Anatra in salsa (grilled duck with chopped salame, anchovies, garlic and a little vinegar)

This is dish from Veneto. The duck should be whole, roasted and then bathed with a lively garlicky, mildly vinegary sauce. I rarely “do” whole birds and I decided to use (easily available and convenient) duck breasts instead and to cook them a la piastra, i.eon a griddle stone. This is almost a ten minutes dish: little work & high rewards on the taste front. The sauce calls for lardo and chopped soppressa veneta, the typical salame of the part of Northern Italy. In London, it is very difficult to get hold of and I have replaced it with salame Milano, which is not totally dissimilar – Italian food purists scream now, if you wish.
This is a lovely and quick supper dish, which would go perfectly with a mount of soft, buttery polenta. In true Italian style,the sauce amounts to no more than a few, precious tablespoons.

Anatra in salsa (grilled duck with chopped salame, anchovies and garlic)
2 portions

2 large duck breast, skinned and salted beforehand, 300g approx
25g lardo or  unsmoked pancetta or oil or butter
half a clove of garlic
1 sage leaf
1 small sprig rosemary
30g salame Milano, finely chopped
1 large anchovy fillet preserved in oil
2 tablespoons  wine vinegar
a knob of butter

Bring the meat to room temperature, if it was refrigerated.
Heat up your griddle – it must be screaming hot. I tend to give it a good half and hour on medium-low heat. Meanwhile chop together the lard, the garlic, the sage and the rosemary – this is called battuto in Italian culinary terms.
Cook the breast for three or four minutes per side. Transfer to a plate and cover with foil.
The sauce: is quickly assembled: place the herby lard, the anchovy and the chopped salame in a heavy frying pan and cook very gently for about ten minutes., stirring well to dissolve the anchovy. Add the vinegar and let it bubble until it is almost evaporated. Move the pan  away from the heat.
Slice the duck by the bias and add it to the sauce.
Return the pan to the heat and toss the duck slices in the garlicky sauce and bring to a lively simmer. That’s it. A little knob of butter added at the end, would add some finesse to this otherwise rather robust dish.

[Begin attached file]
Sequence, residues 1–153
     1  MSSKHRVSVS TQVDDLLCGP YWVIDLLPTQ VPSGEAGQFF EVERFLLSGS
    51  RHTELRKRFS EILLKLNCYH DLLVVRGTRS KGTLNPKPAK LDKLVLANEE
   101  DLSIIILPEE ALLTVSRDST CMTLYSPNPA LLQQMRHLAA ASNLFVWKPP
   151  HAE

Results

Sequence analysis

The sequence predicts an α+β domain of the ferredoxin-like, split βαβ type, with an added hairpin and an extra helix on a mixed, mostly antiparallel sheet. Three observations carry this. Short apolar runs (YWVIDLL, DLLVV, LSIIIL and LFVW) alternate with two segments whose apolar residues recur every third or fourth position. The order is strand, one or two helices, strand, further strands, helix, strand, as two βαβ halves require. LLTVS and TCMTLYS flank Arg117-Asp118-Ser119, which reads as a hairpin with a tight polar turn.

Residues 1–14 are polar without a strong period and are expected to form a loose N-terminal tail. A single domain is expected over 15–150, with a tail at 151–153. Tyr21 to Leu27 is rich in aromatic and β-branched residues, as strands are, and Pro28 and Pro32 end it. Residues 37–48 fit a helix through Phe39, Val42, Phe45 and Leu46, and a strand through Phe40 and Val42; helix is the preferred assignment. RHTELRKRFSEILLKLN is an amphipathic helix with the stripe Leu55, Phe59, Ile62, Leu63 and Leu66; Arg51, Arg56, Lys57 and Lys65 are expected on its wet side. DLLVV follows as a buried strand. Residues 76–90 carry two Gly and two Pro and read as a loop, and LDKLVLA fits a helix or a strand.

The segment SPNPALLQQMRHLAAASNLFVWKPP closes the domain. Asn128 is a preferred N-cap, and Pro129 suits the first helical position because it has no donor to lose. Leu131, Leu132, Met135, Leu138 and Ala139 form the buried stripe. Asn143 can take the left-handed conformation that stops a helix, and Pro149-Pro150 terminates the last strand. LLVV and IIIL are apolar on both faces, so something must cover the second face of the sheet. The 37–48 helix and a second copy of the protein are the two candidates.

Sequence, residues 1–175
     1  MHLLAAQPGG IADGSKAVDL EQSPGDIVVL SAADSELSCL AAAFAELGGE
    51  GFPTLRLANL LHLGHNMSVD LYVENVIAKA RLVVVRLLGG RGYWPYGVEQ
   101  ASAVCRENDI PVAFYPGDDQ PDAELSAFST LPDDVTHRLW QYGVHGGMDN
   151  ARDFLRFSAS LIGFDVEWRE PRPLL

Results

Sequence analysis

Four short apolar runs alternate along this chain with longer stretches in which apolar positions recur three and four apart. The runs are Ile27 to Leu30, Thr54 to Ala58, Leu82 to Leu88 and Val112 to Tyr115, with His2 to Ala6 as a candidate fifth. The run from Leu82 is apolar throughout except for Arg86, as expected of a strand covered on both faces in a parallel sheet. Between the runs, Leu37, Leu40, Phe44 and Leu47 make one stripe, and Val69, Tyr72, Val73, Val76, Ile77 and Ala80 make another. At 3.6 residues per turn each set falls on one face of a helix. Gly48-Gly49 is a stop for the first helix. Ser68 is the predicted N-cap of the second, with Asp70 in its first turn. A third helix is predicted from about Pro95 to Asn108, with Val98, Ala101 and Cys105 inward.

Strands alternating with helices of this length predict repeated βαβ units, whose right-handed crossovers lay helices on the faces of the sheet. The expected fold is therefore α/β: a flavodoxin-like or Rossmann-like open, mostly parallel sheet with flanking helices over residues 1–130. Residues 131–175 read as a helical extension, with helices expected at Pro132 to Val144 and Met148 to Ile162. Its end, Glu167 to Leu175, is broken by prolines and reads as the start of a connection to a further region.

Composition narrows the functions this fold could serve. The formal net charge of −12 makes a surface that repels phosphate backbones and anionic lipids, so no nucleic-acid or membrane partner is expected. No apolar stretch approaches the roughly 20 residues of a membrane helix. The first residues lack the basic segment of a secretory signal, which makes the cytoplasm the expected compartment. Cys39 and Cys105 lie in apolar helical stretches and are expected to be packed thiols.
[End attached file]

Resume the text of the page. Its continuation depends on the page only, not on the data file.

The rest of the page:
Buon appetito

It is always a good idea to salt meat and fish well beforehand one wants to use them, even days before. I have actually found that pre-salting makes for tastier meat (and fish).
Adding some anchovies to a meat dishes is a typical Italian touch: they bring a nice savoury, umami note (and no, there is no any fish taste at the end)
This treatment would work also with chicken livers and pork escalops



18 thoughts on “Anatra in salsa (grilled duck with chopped salame, anchovies, garlic and a little vinegar)

  1. This makes a lot of sense – most duck recipes pair it with sweet things, which seems just too much and too rich. Duck with orange sauce – yuck.

    With fatty meat of course you can either add sweetness or cut through it with sharpness or bitterness – like serving roast lamb with either redcurrant jelly or mint sauce. In fact, I do lamb with the same ingredients you use here: garlic, anchovy, rosemary.

    I also like essentially replacing the duck fat with lardo and salami fat – bumps up the salt and umami tremendously. In fact I’d forget about the duck, cook the rest, and have it on toast or stirred into pasta. Divine.


    1. nicely observed deb… do u know that in traditional italian cooking there are many dishes that mimic another dish but without the main, generally costly ingredient? for instance u have: vermicelli con le vongole and then u could have vermicelli con lo vongole fujite… which means with “the clams the run away”, i.e. sans clams” :basically it is a pasta dish dressed with oil, chilly, parsely and garlic but without the clams… or u could have La genovese, which is a neapolitan beef and onion stew and u could have La finta genovese,,, the faked genovese, just a delicious caramelized onion sauce… so here it would ne nice, as u suggest, to make the duck in salsa.. without duck, just the sauce….